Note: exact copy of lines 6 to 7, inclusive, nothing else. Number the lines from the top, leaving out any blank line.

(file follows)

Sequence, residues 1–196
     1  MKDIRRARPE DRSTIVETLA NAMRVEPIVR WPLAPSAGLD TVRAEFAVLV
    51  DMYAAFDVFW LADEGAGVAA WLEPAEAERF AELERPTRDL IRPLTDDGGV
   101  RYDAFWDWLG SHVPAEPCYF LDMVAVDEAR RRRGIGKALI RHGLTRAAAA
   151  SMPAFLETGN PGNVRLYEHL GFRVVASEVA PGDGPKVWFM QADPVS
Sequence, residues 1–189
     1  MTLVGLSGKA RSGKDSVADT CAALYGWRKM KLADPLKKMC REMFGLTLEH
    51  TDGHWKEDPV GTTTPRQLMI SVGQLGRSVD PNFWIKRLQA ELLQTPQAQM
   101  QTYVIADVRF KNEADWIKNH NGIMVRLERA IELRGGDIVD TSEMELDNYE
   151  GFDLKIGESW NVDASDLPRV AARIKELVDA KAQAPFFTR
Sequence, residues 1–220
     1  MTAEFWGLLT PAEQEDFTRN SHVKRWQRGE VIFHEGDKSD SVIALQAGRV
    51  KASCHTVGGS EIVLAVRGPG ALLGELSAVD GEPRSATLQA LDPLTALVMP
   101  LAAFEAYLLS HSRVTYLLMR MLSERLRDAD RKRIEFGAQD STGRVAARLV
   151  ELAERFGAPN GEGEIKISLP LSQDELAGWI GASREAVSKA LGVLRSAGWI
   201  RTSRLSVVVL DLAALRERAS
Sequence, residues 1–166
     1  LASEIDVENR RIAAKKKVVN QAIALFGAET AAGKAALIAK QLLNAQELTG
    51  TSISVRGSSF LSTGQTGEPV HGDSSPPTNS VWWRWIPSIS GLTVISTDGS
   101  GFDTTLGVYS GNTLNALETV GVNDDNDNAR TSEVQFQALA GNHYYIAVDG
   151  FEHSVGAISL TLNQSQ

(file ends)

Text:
Sequence, residues 1–189
     1  MTLVGLSGKA RSGKDSVADT CAALYGWRKM KLADPLKKMC REMFGLTLEH